New Amsterdam centenarian, ‘Aunty Rhoda’, dies
Rhoda Jean Bourne Warren
Rhoda Jean Bourne Warren

JUST three months after celebrating her 100th birthday, Rhoda Jean Bourne Warren, popularly referred to as “Aunty Rhoda”, died peacefully, shortly after having a light lunch and a bath, said her caregiver, Nikeish Scipio. ‘Aunt Rhoda’ became unresponsive at her home at Lot 45 Stanleytown, New Amsterdam, Berbice, and was pronounced dead on Thursday afternoon, after she was examined by medical practitioners at the New Amsterdam Hospital.
“As she lived, she died; in peace,” said Scipio, an adoptive daughter who had lived with Warren for many years.
At her birthday celebrations on April 22 last, the centenarian had told the Guyana Chronicle that all she needed was “a spoonful of rum, and I gon be alright”.
Despite this significant milestone, the centenarian had told well-wishers, among them her great nieces and nephews, that she was just 90, for fear that death would stalk her if her true age was revealed. “Aunty Rhoda” was born at Number Nine Village, West Coast Berbice. She was brought to East Berbice by her brother-in-law, Noel Liddell, a bicycle mechanic, who at the time was pursuing a relationship with her older sister, Florence. Initially, they’d lived at Lightown Village, East Bank Berbice, before moving to Lot 48, Stanleytown, and later Lot 45, Stanleytown, one of the many cross streets in the New Amsterdam township. She has a biological daughter, Maureen, who lives overseas with her family.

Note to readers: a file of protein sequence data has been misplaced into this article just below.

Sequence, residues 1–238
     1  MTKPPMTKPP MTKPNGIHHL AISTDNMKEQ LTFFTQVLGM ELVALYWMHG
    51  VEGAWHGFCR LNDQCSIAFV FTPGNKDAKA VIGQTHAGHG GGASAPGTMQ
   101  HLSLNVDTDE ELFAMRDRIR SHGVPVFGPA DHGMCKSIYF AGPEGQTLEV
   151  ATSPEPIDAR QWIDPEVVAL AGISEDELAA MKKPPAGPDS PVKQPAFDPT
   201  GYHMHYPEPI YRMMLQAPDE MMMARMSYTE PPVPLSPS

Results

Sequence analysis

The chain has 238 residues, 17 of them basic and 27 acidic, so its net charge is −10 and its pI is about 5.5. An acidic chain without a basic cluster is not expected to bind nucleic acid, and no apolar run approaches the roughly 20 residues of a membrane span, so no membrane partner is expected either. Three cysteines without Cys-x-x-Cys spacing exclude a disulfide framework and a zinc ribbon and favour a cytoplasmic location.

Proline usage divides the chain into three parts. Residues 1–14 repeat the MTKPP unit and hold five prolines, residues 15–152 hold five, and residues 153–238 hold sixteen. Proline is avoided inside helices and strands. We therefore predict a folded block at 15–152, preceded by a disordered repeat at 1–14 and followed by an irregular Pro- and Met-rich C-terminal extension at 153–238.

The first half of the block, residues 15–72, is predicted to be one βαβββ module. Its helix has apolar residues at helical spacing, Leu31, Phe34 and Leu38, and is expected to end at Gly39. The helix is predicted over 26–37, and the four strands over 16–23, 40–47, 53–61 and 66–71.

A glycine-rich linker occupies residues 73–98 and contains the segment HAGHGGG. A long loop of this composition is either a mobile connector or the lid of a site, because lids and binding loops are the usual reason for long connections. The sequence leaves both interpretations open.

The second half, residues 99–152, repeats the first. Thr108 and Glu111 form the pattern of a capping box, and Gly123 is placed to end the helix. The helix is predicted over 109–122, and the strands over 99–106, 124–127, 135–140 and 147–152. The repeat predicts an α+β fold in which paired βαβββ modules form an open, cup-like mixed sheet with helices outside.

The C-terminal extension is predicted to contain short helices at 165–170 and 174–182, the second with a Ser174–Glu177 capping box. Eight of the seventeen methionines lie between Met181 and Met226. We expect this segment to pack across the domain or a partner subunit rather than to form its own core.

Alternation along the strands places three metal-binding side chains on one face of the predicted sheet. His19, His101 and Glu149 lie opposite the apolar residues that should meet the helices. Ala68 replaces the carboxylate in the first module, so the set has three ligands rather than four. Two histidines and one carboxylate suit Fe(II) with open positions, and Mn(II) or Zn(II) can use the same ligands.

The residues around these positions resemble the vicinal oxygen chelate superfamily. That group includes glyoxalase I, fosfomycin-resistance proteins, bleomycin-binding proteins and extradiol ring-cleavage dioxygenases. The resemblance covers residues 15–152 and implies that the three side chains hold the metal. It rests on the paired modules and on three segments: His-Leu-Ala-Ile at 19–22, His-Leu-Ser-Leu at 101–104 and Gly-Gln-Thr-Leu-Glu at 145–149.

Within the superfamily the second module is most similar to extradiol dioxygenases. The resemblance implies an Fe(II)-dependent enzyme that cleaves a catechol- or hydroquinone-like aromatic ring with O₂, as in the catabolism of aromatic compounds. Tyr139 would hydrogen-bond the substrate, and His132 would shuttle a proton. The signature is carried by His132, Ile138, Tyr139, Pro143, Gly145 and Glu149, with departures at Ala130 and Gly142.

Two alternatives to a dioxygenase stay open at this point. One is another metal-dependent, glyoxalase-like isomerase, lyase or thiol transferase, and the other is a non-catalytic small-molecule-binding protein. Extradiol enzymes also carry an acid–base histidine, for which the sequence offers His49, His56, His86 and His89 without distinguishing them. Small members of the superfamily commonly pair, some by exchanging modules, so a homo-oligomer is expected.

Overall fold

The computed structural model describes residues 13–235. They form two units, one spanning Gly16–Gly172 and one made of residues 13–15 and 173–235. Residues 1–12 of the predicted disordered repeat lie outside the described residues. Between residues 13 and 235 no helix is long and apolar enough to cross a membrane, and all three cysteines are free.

Even though she was advanced in age, the slim-built centenarian had a knack for taste, and would so advise her companions whenever the meals were lacking an essential ingredient.
For her birth anniversary, she’d requested black cake, mauby, chowmein, and macaroni and cheese. The items were prepared by her great-niece, Claudette Liddell-Allen. As soon as the cake and the mauby were brought, she requested a taste, and with closed eyes, she savoured the goodies. It pleased her palate. She smiled while nodding her head. The black cake and mauby lacked nothing. “It good; it taste so good,” she muttered under her breath.
Though experiencing memory lapses during the interview with this publication, she was able to recount that as a young woman, she’d sold cassava pone and other baked items at Providence Market, East Bank Berbice, and later worked as a hairstylist at Mavis New Year’s Beauty Parlour.
Her recollection of the earlier part of her life was vague. She recalled that she had 10 siblings, and that her family raised cows and sold milk, while her father operated a boat along the Berbice River. All in all, ‘Aunty Rhoda’ had been grateful for life. She was also thankful that God had given her so many years, for which she had no regret.

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